Church of St. Anthony of Padua, Czerniaków

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The Church of St. Anthony of Padua (Kościół Św. Antoniego Padewskiego) is the parish church of the Parish of St. Boniface (Parafia Św. Bonifacego) in Czerniaków in Warsaw.


Built from the foundation of the Grand Marshal of the Crown, Stanisław Herakliusz Lubomirski, the owner of Czerniaków (from 1683), it was originally planned as a family mausoleum. Designed by the royal architect Tylman van Gameren, the Italian builder Izydor Affaita supervised the construction between 1690 and 1693. A monastery was built at the same time. In the first half of the 19th century the monastery was expanded with a western wing, facing the road leading towards Wilanów. In 1864 the Bernardine convent was closed. The church and monastery suffered primarily in 1939 during the defense of Warsaw and in 1944, during the Warsaw Uprising including damage to the sculptures and painted decorations, roof and imagery. From 1951 to 1954 it was maintained by art conservator Bohdan Marconi, and thorough restoration work was performed between 1985 and 1994. This church was never rebuilt and preserved in its original baroque decor. The only original pieces of equipment are the 19th century organs and oak paneling. An earlier, probably 18th century, instrument was moved to an unspecified church outside of Warsaw.


The church was built on the plan of a Greek cross coupled with an octagonal sanctuary, and at the intersection of the arms of the cross, a dome was built on the drum. The structure of the church has an interesting arrangement where the proportions have retained their original appearance including the interior which did not undergo major changes, keeping the decor from the end of the 17th century. The decor of the interior painting shows the life and work of the church's patron, St Anthony of Padua, with 63 of 69 images showing scenes from the life of the patron saint. In the nave there is a series of eight vertical paintings which show scenes of healings performed by him, and the last of the frescoes shows the moment of his death. At the altar is a picture of St. Anthony which is considered miraculous. In the chancel, frescos show the story of the construction of the temple. The side altars are images of St. Francis and the famous Renaissance triptych, painted on glass, the "Lamentation of Christ", which was a gift from King John III Sobieski. The frescoes in the church were inspired by the founder, and are attributed to either Francesco Antonio Giorgioliemu or Tylman van Gameren. At the main altar is a reliquary of the martyr St. Boniface, which Lubomirski had received from Pope Innocent XII in 1693 during a pilgrimage to Rome. Because of the reliquary and its relation to the cult of the martyr, there was a pilgrimage here until the dissolution of the monastery resulting from the January Uprising. St. Boniface became the patron of the parish, and the cult of the saint is inextricably linked to it (a pilgrimage and indulgence on May 14). In the courtyard of the churchyard is a classical chapel dedicated to St. Boniface from 1839.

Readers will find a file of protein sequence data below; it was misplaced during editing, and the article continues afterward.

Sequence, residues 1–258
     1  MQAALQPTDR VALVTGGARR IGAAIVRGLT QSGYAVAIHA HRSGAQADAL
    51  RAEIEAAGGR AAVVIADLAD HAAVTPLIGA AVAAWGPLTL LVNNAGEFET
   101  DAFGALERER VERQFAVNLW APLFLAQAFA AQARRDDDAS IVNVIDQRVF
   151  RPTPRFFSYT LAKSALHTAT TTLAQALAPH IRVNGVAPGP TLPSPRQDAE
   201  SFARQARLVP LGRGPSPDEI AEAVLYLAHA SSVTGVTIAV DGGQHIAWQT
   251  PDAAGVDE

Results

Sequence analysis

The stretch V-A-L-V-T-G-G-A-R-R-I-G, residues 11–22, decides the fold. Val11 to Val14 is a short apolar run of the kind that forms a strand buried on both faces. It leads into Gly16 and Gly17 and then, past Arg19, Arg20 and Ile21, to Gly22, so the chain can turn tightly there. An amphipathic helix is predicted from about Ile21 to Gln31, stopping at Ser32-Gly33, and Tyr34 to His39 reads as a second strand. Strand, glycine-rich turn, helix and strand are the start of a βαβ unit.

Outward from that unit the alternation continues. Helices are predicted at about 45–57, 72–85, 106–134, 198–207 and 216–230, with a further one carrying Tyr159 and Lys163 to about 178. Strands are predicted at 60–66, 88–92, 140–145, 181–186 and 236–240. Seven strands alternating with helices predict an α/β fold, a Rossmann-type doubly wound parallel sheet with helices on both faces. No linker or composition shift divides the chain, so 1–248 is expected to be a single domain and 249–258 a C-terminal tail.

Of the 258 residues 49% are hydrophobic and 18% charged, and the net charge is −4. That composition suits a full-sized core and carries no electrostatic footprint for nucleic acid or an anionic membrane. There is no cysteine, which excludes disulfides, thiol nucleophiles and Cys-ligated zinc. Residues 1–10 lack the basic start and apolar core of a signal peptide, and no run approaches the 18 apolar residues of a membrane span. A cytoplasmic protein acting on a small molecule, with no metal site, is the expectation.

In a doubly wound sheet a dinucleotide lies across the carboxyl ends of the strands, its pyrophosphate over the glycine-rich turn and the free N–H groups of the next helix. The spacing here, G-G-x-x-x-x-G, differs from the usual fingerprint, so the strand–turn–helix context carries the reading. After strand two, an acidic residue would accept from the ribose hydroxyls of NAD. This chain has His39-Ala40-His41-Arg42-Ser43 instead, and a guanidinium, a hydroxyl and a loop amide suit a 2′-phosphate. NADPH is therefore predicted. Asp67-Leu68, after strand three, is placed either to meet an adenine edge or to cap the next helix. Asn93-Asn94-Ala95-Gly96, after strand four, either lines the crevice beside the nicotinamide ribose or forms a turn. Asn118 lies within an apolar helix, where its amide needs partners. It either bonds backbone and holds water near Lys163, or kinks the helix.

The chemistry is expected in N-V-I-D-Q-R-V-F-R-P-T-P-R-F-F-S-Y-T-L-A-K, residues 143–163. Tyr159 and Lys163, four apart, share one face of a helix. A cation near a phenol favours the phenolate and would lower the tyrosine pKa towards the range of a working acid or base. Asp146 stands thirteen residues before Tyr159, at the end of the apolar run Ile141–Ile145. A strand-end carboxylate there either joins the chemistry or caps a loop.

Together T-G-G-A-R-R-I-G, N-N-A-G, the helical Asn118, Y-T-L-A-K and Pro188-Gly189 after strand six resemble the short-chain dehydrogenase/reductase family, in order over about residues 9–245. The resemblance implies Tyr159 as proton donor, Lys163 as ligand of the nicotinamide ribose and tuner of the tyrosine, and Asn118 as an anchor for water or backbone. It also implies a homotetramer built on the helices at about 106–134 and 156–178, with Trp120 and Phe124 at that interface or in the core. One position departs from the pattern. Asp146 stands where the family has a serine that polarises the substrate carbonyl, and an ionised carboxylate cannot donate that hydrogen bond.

The area near the church is the former cemetery which leads to the gate from the first half of the 19th century, which is crowned with the coat of arms of its founders - Lubomirski. On the inner side wall of the church, once a cemetery, there are memorials commemorating soldiers from the 14th Regiment of Lancers, Jazłowiec, who died in 1939, and local residents killed and murdered during World War II. The frescoes in the church depict, among others, musical angels. The instruments they play are a reflection of the composition of the Royal Orchestra's instruments in Warsaw at the end of the 17th century. The organs and chorus are not located above the main entrance, but behind the altar - unusually located at the center of the chancel. Standing on the northern side is a neo-Gothic gate - the bell tower from the first half of the 19th century is decorated with the coat of arms of the Ossolińskis, who followed the Lubomirski's as Czerniaków's owners. The iron trellis leading from the vestibule to the nave of the church dates from the 17th century and was designed by Tylman van Gameren. This is the second trellis made to this input, the first was probably a result of a mistake by a blacksmith which was impressive but too large - it was used in the construction of the Kotowski chapel in St. Hyacinth's Church (also designed by Tylman van Gameren) in Warsaw, where is today. Both grids are almost identical, differing only in size; the grille in Czerniaków also bears the bullet marks from the Warsaw Uprising. The church contains a 17th-century image of Our Lady of Fraskiej from a former Bernardine church in the Ukrainian town of Fraga. The monastery building, closed after the dissolution of the Order for secular use, has changed considerably, but only the corridor closest to the church has retained its old baroque architecture.
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